"Dr. Honjo reached out to Dr. Wood to find PD-L1 because he did not fully understand the biological mechanism of the PD-1 signaling pathway. While Dr. Honjo knew that activation of PD-1 has an inhibitory effect, he did not know that PD-L1 triggers this effect when it binds to PD-1 or how strong the inhibitory signal is."
"Dr. Freeman and Dr. Wood discovered that anti-PD-1 and anti-PD-L1 antibodies can block the pathway’s inhibitory signal. Dr. Wood conducted an experiment using one of Dr. Honjo’s anti-PD-1 antibodies that showed blockage of the PD1/PD-L1 pathway, and both Dr. Freeman and Dr. Wood developed their own anti-PD-L1 blocking antibodies. They communicated these results to Dr. Honjo at multiple collaboration meetings before the date of conception."
"It is clear Dr. Honjo and his colleagues were focused on the relationship between PD-1 and autoimmune disease, not cancer, before the collaboration with Dr. Freeman and Dr. Wood began."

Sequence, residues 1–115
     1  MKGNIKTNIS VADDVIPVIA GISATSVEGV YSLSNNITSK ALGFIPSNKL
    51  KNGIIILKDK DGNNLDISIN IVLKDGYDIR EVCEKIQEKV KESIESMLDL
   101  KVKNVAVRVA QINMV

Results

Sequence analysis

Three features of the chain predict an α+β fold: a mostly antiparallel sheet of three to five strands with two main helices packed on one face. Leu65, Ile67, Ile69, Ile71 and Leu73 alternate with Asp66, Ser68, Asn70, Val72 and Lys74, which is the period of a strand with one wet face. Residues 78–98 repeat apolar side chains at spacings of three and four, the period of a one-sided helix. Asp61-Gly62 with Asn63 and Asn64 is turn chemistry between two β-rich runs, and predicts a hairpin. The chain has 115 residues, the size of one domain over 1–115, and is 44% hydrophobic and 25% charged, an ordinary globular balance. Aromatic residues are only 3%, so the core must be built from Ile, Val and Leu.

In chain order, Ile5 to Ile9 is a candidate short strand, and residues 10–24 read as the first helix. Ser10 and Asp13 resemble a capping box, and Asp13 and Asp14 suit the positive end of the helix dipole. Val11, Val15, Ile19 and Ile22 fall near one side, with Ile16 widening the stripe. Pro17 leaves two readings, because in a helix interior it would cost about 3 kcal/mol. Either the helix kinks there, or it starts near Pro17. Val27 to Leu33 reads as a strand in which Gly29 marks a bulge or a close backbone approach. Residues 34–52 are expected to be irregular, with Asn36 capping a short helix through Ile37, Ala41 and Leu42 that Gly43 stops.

"Even if it is not clear who was the first to contribute the idea of blocking the pathway to treat cancer, Dr. Freeman and Dr. Wood made the contributions described above as part of a collaboration aimed at developing a treatment for cancer, and they all understood and communicated with excitement the connection between their discoveries relating to the pathway and cancer. Ultimately, conception of the inventions in the Honjo patents was the result of the collaboration of all three scientists."
- Dana-Farber news release: 2019.05.17 U.S. District Court rules Dana-Farber scientist is an inventor on six critical immunotherapy patents
- 抗PD-1抗体を巡る特許訴訟～小野/BMS（オプジーボ; Opdivo） vs Merck（キートルーダ; Keytruda）